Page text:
I have looked at Second Life as part of this subject but did not find it useful – I never seemed to be ‘in there’ at the same time as anyone else and found that it wasn’t intuitive to use and the viewer was resource intensive on my computer. Because I never met anyone else in Second Life, I can’t comment on its usefulness as a meeting place, but with so many other web based social media spaces available I can’t see that it offers any significant value given the difficulty in using it. There are, apparently, many benefits to using Second Life in the education/higher education sector but I was not able to engage with any of these benefits in the time I spent reviewing the space.

Similarly I did not really use delicious as part of this exercise. I looked at the collection of links tagged for our study group and added a few links to it but as I already have an extensive personal library set up within diigo I did not find it to be of much use (except as a way of looking at things highlighted by others in the study group).  However, it was a good introduction to using a bookmarking service collaboratively, as I use diigo as a personal tool rather than a way of sharing information.

And so we have come to the end of the semester. Drawing together some of the things that have interested me most in this subject has been an interesting exercise. I think my focus has been on the community development and engagement that web 2.0 and social media technologies allow – I think that Library 2.0 comes from this engagement rather than from a deliberate attempt to ‘2.0 the library’.

I also potentially now have a work related research project to explore further as a result of completing this subject.

As an information professional in an academic library, engagement with individuals is a large part of my role. My job is to build relationships and networks and leverage those to provide support and assistance to the research and teaching community at my university. Social media helps me do that – by helping me build and develop my networks and professional knowledge through engagement with others and their thoughts and opinions.

Building networks extends beyond my actual job – development and maintenance of my personal learning network (PLN) is a vital part of my ongoing professional development. Utecht’s 5 stages of PLN adoption is a useful measuring stick for understanding the process of PLN engagement but the true measure is whether it is a valuable personal resource or not.

References

Choy, F.C. 2010, From library stacks to library-in-a-pocket: will users be around? Library Management Vol. 32, No. 1 / 2 pp.62-72

Hutton, G. 2008, Privacy & online social networks: a proposed approach for academic librarians in university libraries, Dalhousie Journal of Interdisciplinary Management, Vol. 4 http://ocs.library.dal.ca/ojs/index.php/djim/article/view/2008vol4Hutton/67
Li, C. & Bernoff, J. 2011, Groundswell: winning in a world transformed by social technologies. Boston, Harvard Business Review Press

Taking responsibility

We have a new team member starting at MPOW at the end of the month – suddenly I won’t be the new person anymore. This is a bit daunting as I find the I’m new here can you tell me how this works card quite useful. I know I’ve only been here a few months and can legitimately use this tactic for a few months more yet, but it brings it into perspective with the thought that there will be someone newer. Maybe I know more than I think I do? I guess I’ll find out when she says I’m new here can you tell me how this works?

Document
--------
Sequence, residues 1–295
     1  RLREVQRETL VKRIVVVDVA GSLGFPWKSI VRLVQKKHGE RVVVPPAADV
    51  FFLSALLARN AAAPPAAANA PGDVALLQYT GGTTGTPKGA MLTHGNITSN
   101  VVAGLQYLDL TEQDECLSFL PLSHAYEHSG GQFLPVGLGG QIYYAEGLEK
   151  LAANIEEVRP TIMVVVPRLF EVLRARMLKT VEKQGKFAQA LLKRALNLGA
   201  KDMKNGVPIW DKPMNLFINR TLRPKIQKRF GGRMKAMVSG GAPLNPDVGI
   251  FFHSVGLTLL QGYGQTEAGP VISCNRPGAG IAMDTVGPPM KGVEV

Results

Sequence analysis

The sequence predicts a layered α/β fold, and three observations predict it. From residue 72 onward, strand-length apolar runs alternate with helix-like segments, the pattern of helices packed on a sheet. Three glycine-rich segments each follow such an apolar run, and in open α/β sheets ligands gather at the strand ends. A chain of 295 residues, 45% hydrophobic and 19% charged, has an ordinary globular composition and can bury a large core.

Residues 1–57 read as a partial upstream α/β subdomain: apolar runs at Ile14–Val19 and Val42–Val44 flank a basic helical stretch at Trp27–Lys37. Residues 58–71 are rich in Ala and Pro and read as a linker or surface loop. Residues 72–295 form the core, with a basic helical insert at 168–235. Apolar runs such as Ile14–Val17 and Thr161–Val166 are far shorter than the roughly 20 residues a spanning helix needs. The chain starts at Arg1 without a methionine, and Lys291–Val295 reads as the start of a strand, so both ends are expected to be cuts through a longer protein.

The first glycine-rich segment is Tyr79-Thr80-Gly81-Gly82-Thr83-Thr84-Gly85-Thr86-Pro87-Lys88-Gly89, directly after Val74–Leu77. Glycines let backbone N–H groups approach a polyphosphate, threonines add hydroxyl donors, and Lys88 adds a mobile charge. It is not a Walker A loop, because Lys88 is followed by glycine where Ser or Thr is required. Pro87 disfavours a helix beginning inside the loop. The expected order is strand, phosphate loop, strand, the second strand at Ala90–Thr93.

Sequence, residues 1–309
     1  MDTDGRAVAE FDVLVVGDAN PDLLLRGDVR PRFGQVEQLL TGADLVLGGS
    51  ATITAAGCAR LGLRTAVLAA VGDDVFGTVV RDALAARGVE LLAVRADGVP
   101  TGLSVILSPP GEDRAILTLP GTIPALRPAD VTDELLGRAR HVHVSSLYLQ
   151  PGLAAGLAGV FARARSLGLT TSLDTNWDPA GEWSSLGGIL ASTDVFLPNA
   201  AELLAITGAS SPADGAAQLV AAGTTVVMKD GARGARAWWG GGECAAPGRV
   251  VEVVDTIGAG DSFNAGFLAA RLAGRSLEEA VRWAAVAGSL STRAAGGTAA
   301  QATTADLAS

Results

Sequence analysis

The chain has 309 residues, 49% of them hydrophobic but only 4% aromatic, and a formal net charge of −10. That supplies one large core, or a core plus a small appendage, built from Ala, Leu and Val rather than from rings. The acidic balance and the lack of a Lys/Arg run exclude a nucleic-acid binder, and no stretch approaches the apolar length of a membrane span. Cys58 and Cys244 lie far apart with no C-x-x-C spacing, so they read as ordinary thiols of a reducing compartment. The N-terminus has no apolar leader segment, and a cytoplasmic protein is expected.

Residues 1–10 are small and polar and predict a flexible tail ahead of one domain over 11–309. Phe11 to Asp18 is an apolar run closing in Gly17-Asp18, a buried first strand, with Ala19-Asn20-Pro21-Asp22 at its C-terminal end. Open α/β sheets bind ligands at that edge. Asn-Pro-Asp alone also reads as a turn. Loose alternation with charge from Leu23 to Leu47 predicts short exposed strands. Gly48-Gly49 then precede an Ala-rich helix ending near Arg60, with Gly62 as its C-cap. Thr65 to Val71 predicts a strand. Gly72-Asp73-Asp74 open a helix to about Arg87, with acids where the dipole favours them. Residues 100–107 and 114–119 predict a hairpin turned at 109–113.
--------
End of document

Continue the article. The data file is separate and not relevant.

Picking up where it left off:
I’ve written before about my amazement that other people seem to think I have something useful to say – and it’s happened to me again. I posted to twitter earlier this week:

getting incoming links to my blog from a moodle at monash… does this mean someone thinks I have something important to say? #yikes

Now, this post is not an attempt to have hundreds of people suddenly tell me I have useful things to say – it’s more a reflection on the responsibility to stand behind the stuff I publish online. I know all the rules of social media – don’t publish anything you don’t want made public, think before pressing send/publish/enter/tweet and I follow those rules. It’s more that as a student myself, I like reading the blogs of practitioners, finding out what they think, agreeing, disagreeing, commenting or writing a post in response. It just never occurs to me that others out there might be reading MY posts in that context.

A bit daunting.

Finishing that which I have started

finish line by Sean MacEntee via flickr CC

I thought this was a perfect topic to wrap up my contribution to Blog Every Day In June.

On WordPress’ Freshly Pressed page today was this hilarious post about the very serious topic of all the projects and tasks we start in our lives and then just never finish.  Read this bit – you’ll get some idea:

See, that’s the problem: I have no follow-through.  I’ve tried a bazillion things and moved on from just about all of them.  Honestly, the things that I’ve managed to stick with I’m either legally obligated to do (like paying my mortgage), need the money (like my day job), simply can’t reverse (like being a parent), or would die if I stopped (like eating and, while I have been testing this theory, bathing)